Estudantes brasileiros que frequentam a Universidade de Coimbra ao rubro - de capa, batina e máquina fotográfica em punho - com a presença de Lula e Dilma em Portugal. estão todos de acordo num ponto: aqui «fica bem mais fácil bater uma foto» com os presidentes. «no Brasil seria muito difícil por causa da segurança».

28

Mar

Lula da Silva diz que o Brasil tem de fazer tudo para ajudar Portugal

O ex-presidente do Brasil Lula da Silva advertiu que “não pode” já falar em nome do Brasil, mas ao pronunciar-se sobre a possibilidade de o seu país dar uma mão a Portugal na actual crise financeira afirmou que “tudo o que pudermos fazer para ajudar Portugal, temos de fazer”.
Lula, que esta segunda-feira chegou a Lisboa, sublinhou também que o “FMI não resolve os problemas”, mas que, pelo contrário, apenas os “agrava”.

Lula da Silva participou num jantar em Lisboa ao lado do primeiro-ministro, José Sócrates, e de Mário Soares e a propósito de uma eventual ajuda do Brasil a Portugal tratou de contrariar essa perspectiva, contrapondo-lhe que a crise se resolve com “a confiança dos mercados”

Lula recebe esta terça-feira o Prémio do Centro Norte-Sul do Conselho da Europa, na Assembleia da República, devendo depois rumar depois também a Coimbra, onde se encontrará com a actual presidente do Brasil, Dilma Rousseff, que esta terça-feira chega a Portugal. Em Coimbra, o ex-presidente brasileiro vai receber na quarta-feira o doutoramento Honoris Causa da Universidade de Coimbra.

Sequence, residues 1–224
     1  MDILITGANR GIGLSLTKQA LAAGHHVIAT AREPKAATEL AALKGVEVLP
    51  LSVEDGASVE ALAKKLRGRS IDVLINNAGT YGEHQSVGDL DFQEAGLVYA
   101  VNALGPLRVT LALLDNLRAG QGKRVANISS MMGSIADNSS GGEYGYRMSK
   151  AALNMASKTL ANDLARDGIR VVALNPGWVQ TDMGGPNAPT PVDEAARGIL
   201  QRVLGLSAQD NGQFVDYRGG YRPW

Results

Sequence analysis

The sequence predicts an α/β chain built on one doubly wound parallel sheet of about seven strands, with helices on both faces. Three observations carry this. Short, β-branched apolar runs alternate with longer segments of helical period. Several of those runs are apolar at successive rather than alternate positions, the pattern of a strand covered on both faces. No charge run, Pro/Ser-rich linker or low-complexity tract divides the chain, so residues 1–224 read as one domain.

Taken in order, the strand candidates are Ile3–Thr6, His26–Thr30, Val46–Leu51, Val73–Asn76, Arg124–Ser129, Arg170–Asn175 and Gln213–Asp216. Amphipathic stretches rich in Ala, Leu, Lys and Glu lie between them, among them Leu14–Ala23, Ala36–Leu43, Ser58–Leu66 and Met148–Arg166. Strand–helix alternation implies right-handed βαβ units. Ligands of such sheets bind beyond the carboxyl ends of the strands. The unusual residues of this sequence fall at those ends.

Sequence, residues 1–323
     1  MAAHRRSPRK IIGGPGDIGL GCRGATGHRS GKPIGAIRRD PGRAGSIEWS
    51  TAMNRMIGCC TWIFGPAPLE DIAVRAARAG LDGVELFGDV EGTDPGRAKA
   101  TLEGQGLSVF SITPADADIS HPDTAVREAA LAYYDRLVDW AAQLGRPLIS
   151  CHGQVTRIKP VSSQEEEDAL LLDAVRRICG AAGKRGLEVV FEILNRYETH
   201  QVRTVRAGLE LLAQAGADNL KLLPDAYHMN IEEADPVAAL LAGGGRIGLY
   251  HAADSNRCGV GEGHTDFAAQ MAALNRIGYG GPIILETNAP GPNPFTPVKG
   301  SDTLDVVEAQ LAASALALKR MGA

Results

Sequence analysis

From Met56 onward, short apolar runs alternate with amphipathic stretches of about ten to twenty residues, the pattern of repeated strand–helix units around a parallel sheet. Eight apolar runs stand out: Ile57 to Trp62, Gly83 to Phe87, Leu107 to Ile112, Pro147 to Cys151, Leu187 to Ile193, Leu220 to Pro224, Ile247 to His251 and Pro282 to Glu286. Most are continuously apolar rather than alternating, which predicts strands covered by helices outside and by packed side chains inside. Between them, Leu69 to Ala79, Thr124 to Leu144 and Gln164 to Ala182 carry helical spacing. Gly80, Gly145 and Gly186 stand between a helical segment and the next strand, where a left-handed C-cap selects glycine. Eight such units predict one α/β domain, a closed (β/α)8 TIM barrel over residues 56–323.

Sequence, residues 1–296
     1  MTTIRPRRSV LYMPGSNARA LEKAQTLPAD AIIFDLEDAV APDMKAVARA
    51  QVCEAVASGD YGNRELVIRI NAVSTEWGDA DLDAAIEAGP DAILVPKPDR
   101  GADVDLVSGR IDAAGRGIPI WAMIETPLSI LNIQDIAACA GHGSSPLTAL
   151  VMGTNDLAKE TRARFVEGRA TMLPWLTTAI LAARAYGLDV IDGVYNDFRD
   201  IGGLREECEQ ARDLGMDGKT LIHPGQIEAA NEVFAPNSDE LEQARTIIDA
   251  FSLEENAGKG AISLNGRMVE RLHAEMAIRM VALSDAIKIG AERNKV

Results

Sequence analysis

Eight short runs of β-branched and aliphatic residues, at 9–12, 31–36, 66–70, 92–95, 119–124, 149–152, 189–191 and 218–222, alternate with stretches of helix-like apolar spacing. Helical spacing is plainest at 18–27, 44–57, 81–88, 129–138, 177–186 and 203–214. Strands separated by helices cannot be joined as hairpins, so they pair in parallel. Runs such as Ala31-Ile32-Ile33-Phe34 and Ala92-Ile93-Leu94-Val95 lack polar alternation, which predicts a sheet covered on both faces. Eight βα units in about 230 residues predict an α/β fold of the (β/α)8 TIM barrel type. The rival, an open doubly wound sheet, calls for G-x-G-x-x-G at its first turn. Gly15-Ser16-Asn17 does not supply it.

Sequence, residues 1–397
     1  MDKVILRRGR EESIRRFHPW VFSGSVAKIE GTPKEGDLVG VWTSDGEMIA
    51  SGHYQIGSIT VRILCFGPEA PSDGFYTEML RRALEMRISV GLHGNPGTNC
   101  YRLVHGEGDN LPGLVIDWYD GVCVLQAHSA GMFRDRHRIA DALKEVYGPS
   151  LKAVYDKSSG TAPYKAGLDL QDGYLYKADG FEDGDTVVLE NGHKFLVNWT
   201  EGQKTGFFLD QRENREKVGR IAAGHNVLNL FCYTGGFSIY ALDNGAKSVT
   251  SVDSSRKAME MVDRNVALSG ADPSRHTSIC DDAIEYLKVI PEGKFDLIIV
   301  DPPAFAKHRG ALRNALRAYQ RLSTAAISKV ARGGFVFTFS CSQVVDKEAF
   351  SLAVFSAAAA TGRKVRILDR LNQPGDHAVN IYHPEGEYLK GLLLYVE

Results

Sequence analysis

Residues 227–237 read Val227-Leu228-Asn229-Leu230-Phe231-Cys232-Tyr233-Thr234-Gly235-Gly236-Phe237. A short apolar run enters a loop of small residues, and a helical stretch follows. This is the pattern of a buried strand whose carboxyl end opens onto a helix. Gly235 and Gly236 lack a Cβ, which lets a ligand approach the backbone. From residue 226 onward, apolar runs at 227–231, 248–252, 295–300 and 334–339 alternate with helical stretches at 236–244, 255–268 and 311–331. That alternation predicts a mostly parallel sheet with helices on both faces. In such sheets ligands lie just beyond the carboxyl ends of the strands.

via Público

cf. também: Governo de Dilma deveria apoiar programa de regresso voluntário de brasileiros ao seu país

Lula da Silva participou num jantar em Lisboa ao lado de José Sócrates e Mário Soares

Foto: Miguel Manso

21

Mar

The World in 2050: South Africa, Nigerian economies to grow

kilele:  Five off the ground! Taken on Ilha de Mozambique, Mozambique Photo by Andre Pipa“Five off the ground!”, Ilha de Mozambique (Photo by Andre Pipa)

Released last week, the revised version of “The World in 2050” also predicts that in purchasing power parity terms, the E7 group of emerging countries (China, India, Brazil, Russia, Mexico, Indonesia and Turkey) will overtake the G7 economies (US, Japan, Germany, UK, France, Italy and Canada) by 2020.

“Our key conclusion is that the global financial crisis has further accelerated the shift in global economic power to the emerging economies,” the report says. The original version was published in 2006, before the 2008-09 crisis.

With reference to South Africa, the report projects an average annual population growth rate of 0.3%, and an average annual GDP (gross domestic product) per capita growth of 3.6%, from now until 2050.

It ranks South Africa as the world’s twentieth largest economy in 2009, both in terms of purchasing power parity, with the economy worth US$508-billion, and at market exchange rate rankings, with the economy worth $286-billion.